It's never the execution. It's the ideal. Overpaying on one end (with Ben Wallace, or Boozer) in order to decline to spend elsewhere (like, say, for the person who has done the best head coaching job of any in the business over the last two years). Declining to pay Ben Gordon in 2009, because he's Ben Gordon ... but what if Ben Gordon was any good? Would the Bulls have stepped up, with Luol Deng's contract already on the books? Ah, but the team had 2010 to look forward to, and the potential for LeBron James! Always a reason.
There's always another year, and another plan, to look forward to while we wait for the definitive statement as to whether or not team owner Jerry Reinsdorf cares about the fortunes of the Chicago Bulls enough to spend a fortune on the team that has made him fortune after fortune even after the retirement of Michael Jordan.
There's always, "wait until the summer of 2000; because all the 1998 free agents re-signed with their own teams, the 1999 crew was junk and we just dealt Brent Barry for cap room that summer."
It's always, "wait until Tyson Chandler and Eddy Curry learn to play alongside each other, because Elton Brand was never going to be able to fit in there, and we're sure his looming contract extension had NOTHING to do with us trading him to Los Angeles."
It's always, "wait until 2006, when we'll blind you with Ben Wallace's signing before trading Tyson Chandler's eight-figure contract for an expiring deal - an 'asset' we'll never end up using in a trade because that would add salary."
It's always, "wait until 2010, LeBron James! Carlos Boozer!"
Now the team will try to sell 2013-14, even if it's really selling 2014-15, even if the team doesn't really buy anything in the summer of 2014 outside of locking up Taj Gibson as he enters his 30s, and retaining Deng if his battered body even makes it that long. While adding Mirotic on a, you guessed it, rookie contract. All while playing competitive basketball, winning just enough to keep you coming back.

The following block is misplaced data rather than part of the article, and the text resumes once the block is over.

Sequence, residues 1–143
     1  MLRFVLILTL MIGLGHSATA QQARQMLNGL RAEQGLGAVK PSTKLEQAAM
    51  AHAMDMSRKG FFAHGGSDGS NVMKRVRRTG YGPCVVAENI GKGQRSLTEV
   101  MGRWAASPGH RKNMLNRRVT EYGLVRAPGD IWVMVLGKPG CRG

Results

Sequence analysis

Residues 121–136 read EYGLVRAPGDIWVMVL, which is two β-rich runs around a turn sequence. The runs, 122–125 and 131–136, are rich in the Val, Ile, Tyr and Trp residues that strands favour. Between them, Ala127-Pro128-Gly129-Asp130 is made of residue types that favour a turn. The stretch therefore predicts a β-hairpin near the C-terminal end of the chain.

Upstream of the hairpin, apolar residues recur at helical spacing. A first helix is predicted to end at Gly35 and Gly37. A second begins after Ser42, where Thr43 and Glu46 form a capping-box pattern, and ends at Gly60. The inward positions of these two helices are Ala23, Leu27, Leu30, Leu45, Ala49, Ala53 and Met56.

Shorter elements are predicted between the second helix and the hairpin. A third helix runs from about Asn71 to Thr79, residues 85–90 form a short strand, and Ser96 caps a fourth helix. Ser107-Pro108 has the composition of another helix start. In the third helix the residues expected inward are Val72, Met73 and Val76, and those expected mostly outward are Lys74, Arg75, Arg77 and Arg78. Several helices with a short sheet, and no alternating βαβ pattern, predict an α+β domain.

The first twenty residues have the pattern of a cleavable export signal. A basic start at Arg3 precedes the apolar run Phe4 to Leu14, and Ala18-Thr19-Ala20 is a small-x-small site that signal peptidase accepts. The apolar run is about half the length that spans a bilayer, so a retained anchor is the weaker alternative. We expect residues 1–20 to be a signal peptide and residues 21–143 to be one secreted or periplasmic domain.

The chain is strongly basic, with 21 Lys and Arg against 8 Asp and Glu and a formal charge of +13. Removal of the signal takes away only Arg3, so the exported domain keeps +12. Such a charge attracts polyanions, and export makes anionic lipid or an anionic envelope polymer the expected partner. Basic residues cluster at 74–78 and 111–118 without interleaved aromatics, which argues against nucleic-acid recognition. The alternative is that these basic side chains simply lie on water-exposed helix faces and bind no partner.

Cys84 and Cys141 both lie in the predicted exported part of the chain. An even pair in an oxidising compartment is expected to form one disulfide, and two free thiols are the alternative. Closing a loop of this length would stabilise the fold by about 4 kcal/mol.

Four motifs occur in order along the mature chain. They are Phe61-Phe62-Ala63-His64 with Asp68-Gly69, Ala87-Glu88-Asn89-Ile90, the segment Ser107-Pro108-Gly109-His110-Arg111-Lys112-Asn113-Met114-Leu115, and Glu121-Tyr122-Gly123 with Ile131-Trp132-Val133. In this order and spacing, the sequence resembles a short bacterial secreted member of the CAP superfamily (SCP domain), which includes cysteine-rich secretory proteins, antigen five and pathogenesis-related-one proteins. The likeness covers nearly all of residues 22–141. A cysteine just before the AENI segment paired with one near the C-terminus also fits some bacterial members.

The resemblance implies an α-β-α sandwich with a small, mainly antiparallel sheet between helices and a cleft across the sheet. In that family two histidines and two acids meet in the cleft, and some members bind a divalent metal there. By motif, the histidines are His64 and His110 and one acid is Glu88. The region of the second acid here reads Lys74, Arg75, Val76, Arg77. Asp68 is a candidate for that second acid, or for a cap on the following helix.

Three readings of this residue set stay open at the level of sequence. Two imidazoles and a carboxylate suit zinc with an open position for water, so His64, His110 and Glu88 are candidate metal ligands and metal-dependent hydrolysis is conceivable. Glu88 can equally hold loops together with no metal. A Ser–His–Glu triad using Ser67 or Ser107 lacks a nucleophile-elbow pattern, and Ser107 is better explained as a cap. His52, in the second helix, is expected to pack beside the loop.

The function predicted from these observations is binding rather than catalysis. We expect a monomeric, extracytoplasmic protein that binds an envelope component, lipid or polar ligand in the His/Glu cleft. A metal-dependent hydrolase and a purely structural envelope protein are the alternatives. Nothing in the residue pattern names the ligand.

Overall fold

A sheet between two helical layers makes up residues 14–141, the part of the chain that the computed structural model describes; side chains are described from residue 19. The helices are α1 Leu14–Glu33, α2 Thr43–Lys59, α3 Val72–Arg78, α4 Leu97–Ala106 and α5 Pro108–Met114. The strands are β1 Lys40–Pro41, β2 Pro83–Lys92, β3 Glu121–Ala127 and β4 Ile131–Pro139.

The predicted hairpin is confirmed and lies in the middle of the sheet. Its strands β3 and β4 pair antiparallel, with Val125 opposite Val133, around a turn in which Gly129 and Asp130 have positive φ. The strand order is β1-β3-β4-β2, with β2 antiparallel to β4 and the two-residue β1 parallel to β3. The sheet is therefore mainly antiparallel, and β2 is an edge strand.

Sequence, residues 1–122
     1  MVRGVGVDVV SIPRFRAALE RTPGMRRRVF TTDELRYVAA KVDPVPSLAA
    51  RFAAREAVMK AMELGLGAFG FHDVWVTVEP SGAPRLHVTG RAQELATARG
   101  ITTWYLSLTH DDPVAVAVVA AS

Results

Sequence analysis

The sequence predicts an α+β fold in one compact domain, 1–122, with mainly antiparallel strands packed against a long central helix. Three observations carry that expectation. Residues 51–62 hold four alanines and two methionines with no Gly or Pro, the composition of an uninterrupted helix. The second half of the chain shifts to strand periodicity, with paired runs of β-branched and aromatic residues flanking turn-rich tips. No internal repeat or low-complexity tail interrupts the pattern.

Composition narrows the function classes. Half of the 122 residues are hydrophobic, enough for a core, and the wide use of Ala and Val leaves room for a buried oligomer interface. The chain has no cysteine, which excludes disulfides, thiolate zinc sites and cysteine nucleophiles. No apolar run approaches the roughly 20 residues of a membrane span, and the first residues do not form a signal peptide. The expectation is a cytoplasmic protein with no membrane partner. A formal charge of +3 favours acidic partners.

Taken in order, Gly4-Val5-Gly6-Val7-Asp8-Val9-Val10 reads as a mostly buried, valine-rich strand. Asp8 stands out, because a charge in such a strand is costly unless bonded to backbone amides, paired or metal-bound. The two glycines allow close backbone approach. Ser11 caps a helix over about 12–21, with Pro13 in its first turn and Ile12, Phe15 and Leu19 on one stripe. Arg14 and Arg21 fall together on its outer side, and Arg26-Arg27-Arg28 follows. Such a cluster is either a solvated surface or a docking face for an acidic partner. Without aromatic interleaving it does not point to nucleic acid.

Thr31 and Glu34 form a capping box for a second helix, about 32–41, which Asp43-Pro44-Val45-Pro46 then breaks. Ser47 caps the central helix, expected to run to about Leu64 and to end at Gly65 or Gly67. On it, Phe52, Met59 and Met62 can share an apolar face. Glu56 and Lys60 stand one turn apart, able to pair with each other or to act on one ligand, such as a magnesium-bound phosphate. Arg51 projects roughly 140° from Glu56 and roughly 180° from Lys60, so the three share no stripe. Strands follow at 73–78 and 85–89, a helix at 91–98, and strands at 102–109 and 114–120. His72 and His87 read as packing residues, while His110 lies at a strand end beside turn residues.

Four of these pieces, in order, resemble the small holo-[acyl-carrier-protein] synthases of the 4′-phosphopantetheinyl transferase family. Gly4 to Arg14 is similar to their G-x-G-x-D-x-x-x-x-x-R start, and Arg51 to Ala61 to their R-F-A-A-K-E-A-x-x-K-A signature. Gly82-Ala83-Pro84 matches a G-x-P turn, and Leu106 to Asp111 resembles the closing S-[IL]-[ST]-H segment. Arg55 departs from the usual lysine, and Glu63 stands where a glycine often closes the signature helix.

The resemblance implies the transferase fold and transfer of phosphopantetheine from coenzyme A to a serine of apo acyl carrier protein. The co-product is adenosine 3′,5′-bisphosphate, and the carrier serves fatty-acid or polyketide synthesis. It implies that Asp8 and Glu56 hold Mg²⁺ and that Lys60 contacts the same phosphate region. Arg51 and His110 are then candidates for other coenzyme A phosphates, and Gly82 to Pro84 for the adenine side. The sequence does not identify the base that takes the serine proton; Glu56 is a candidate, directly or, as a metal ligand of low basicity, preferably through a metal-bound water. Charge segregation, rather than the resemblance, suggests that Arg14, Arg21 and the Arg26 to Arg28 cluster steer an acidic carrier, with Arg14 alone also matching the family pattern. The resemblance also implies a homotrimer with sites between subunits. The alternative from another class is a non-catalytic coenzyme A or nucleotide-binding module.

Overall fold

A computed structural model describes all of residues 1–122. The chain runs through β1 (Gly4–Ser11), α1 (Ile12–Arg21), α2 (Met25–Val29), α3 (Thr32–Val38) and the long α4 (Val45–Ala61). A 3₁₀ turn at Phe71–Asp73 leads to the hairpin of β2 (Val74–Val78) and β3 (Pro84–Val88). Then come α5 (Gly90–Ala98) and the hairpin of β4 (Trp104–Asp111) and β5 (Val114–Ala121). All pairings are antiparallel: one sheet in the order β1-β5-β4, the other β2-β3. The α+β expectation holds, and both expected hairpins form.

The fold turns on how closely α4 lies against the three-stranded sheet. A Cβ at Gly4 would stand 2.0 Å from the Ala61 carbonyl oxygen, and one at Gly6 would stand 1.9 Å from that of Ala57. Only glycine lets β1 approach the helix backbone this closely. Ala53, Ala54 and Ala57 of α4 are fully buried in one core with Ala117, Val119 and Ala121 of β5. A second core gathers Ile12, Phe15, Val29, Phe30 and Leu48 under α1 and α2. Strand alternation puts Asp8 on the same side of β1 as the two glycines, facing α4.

You did it again, Chicago Bulls, and for this you deserve my respect. I'll see you once more in 2015, when I attempt not to re-write this column for the sixth time.
Indeed, I had hoped that at least 'Kirk Hinrich Day' would involve some on-camera squirming from Gar Forman as he tried to justify his post-draft declarations of making 'basketball decisions' and retaining Asik being a top priority. Instead Gar completely ducked the press part of the press conference.
Now, the team's official Facebook page calls the Hinrich signing 'their top offseason priority', and Gar talked to house organ Chuck Swirsky who offered this question: "Gar, I don't want to put words in your mouth, but you and everyone here are committed to winning, period!" while lobbing him other softballs about how the new cap rules make it tougher to maintain flexibility. Because even when it doesn't make any goddamned sense (they hurt their flexibility!) it's always about flexibility going forward, instead of a more base concept for us dumb fans, like: trying to get better.